Look Quickly, You Likely Won’t Ever See These Numbers Again
For the first time, because of a change in Google’s accounting, we get a look at the real financial numbers of Nest and analysts are truly surprised. It turns out, according to a report by Recode, that Nest is both smaller than many thought, and is losing a lot of money on an operating basis – so much so that it appears that any hope of profitability is far off in the future…if at all.
See what we’ve learned about Nest’s true operating financial results…
You may or may not be aware of the fact that Google has recently decided to change the way they account for Nest in their numbers. For some time now, Nest has been considered part of Alphabet, a large holding company of which Google is a subsidiary. And like many large companies, Google finds it is easy to hide divisions within combined numbers. Alphabet, as well, plays the combined divisions game.
This makes it hard for market analysts to determine just how well this division or that segment is performing. Under Alphabet, Nest was lumped into a category labelled as “Other bets.” As this Other bet category aggregated several of Alphabet’s initiatives, it was impossible to know just how any of them were doing.
Reabsorbing Nest Within Google
However, Google has just decided to reabsorb Nest into Google where, as Recode puts it, “it has joined the company’s broader hardware team.” Since this change will have an impact on their numbers, Alphabet recast last year’s financials to show the impact of this change. And it is for that reason, and that reason only, that we get a peek of what Nest was actually doing.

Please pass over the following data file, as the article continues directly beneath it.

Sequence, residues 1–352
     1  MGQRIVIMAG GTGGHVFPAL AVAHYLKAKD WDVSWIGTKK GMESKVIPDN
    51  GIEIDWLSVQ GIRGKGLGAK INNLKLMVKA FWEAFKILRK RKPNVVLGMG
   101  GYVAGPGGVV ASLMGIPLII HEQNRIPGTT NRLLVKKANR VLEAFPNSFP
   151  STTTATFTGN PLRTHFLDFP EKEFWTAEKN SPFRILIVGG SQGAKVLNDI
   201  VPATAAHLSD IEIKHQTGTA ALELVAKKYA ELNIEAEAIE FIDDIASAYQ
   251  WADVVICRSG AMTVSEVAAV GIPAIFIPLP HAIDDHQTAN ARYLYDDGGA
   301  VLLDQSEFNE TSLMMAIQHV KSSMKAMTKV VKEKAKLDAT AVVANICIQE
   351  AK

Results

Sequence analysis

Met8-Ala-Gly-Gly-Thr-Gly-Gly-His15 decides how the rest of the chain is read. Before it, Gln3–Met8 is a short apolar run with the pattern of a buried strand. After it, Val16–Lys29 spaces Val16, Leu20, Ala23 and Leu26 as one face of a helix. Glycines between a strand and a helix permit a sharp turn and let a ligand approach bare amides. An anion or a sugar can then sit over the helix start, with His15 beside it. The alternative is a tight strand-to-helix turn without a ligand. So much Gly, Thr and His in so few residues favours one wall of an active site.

Some analysts were surprised to learn that, after all these years and a significant product line expansion, Nest is still not achieving revenues over $1 billion…coming in with revenues of $726 million for all of last year. Perhaps even more impactful, was the fact that Nest is losing money on an operating basis – it lost $621 million just last year, for example.
How Much Nest Represents of the ‘Other Bets’ Division
With this release of numbers, we now know that Nest represented 60% of the Alphabet “Other bets” segment. However, Nest is less than 1% of Alphabet’s total revenue.
Keep in mind that Google paid $3 billion for Nest when it bought the company in 2014. Clearly, Google had high hopes for high growth…and while the feeling is that the company has grown substantially, not enough such that it makes financial sense.
A $3 Billion Bet
When Google first bought Nest and then created the Alphabet holding company, they clearly viewed Nest as the crown jewel of their future initiatives. The division was supposed to be run by founder Tony Fadell on a semi-autonomous basis. But these plans did not work out well and Fadell exited the company in 2016.
Now that Nest has been folded back under Google, time will tell if this will help drive the company to a bigger and much more profitable future. Although, unfortunately, we likely won’t get to see the numbers again.
The Billion Dollar Club
For your reference, Alphabet generated $9 billion in profit on revenues of $31 billion…in the last quarter. Google and Alphabet live in the land of billions – Nest needs to get there to be meaningful for them.
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[Graphs: Recode analysis]